Illustration by Erica Fasoli

Inclusive design considers the full range of human diversity with respect to ability, language, culture, gender, age, and other forms of human difference. It empowers designers to create products whose experiences serve as many people as possible. 

Accessibility is and should always be a UX designer’s core objective. This includes designing for the varying levels of ability when it comes to the eyesight, hearing, mobility, dexterity, and memory of your audience. There are many aspects to take into consideration. 

For example, the user’s environment may be the quietness and seclusion of their bedroom or they could be accessing your app in a loud, windy, or crowded environment. The experience should be the same high level of quality for all instances. A method for accomplishing this is to provide multiple ways for individuals to partake in your experience, depending on the context in which they’re using your product. This expands your product’s audience and results in better user experiences, across the board. 

Why is inclusive design important?

Inclusive design is important for many reasons, but most importantly, it enhances the user experience for a diverse audience. Approximately one billion people, or 15% of the world’s population, experience some form of disability. Empathy for a diverse audience is a key component of inclusive design. It helps create an experience where users can feel like they belong, rather than feel excluded.

Second, inclusive design can also help boost your brand to position it as a market leader. Practicing inclusive design and providing equal access and opportunity will not go unnoticed by consumers. Nearly two-thirds of consumers prefer to support companies that stand for a purpose while mindfully avoiding those who don’t. 

Third, inclusive UX design is great for SEO and a good way to boost your organic traffic. Search engines place value on user experiences that consider inclusiveness in their design. Therefore, by including alt text for images, closed captions in videos, as well as descriptive link text, your page will potentially be ranked higher than pages without.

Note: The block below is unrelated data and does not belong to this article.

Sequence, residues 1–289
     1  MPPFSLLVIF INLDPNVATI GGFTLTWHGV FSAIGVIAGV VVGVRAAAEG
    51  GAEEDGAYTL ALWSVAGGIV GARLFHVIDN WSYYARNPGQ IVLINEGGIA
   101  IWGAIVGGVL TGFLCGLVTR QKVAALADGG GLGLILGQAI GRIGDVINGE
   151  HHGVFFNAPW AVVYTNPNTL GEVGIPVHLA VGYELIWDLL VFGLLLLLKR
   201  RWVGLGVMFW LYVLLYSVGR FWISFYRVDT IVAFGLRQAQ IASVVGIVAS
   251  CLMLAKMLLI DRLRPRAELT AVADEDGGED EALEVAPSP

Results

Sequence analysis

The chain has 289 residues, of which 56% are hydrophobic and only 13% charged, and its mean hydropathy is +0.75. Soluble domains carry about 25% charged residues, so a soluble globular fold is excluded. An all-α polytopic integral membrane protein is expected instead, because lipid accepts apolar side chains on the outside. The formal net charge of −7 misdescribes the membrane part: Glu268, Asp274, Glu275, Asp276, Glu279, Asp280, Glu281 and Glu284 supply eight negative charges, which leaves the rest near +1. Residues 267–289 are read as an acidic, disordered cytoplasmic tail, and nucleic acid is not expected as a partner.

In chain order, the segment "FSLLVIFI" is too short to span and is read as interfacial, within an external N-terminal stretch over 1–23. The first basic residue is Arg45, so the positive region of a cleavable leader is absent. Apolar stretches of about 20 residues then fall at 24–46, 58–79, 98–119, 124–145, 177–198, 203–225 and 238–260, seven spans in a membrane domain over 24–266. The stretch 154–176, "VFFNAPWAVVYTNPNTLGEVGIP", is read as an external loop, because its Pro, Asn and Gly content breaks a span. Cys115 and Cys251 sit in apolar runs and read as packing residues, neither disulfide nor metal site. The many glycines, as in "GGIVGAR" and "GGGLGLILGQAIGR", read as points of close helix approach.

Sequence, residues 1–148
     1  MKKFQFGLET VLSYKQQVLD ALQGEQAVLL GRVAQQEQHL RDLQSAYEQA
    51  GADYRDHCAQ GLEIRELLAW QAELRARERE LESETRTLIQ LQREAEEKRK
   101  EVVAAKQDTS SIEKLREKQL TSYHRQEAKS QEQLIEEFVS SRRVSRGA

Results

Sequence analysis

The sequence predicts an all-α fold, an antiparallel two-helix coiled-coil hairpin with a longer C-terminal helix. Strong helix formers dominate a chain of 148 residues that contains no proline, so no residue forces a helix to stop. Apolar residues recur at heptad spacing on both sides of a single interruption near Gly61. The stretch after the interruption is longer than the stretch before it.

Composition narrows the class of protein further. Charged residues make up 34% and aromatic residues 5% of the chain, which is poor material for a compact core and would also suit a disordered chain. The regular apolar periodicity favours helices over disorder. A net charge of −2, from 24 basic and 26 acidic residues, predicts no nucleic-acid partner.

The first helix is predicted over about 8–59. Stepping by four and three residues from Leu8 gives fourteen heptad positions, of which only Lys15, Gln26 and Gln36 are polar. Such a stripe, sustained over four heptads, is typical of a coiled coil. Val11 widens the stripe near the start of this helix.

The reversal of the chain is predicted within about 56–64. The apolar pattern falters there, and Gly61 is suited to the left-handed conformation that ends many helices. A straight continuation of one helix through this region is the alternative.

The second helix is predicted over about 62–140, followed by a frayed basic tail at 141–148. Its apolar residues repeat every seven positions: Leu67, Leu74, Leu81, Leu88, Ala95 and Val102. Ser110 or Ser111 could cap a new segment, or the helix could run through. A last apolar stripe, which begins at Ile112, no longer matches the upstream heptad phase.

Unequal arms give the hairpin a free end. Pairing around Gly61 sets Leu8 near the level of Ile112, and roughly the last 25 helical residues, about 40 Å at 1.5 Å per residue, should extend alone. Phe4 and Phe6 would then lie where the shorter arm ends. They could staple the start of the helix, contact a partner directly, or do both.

Finally, inclusive design may help increase sales because the user experience is accessible to a larger, diverse consumer base. If users don’t feel empowered to use your design, they will never be clients because they can’t use your product. 

Blue squares with white images representing accessibility. Image credit Adobe.

What is the difference between accessibility and inclusive design?

Accessibility and inclusive design often get used interchangeably. Although related, they are not the same. Accessible design is the primary outcome of an effective inclusive design process. It focuses on the end result or the outcome of a design. The goal is to ensure that all users, especially those with differing abilities, are able to use and benefit from your product. 

The Web Content Accessibility Guidelines (WCAG) were created to provide a single shared standard for web content accessibility. The document explains how to make web content more accessible to people with ranging abilities. When creating your style guide and UX design system, it is very important to keep these guidelines in mind. 

Some examples from WCAG include:

  • Short equivalents for images, including icons, buttons, and graphics.
  • Descriptions of data represented on charts, diagrams, and illustrations.
  • Brief descriptions of non-text content such as audio and video files.
  • Labels for form controls, input, and other user interface components.

Inclusive design, on the other hand, focuses on how to approach a design, rather than just the outcome. It is a process for creating an experience that can be used by a wide, diverse group of users. This process begins by identifying situations where people are excluded from using a particular product or technology. Exclusion can happen to anyone depending on their particular circumstance, which is a key element to inclusive design methodology. 

Colorful images of people with various abilities.
Colorful images of people with various abilities. Image credit Adobe.

Both inclusive design and accessibility are tools to help designers create products that can be used by the largest population possible, regardless of their individual circumstances. They work together to lower barriers that exclude people from using a product effectively. By empathizing with a diverse group of users through inclusive design, designers can create products that are accessible to all.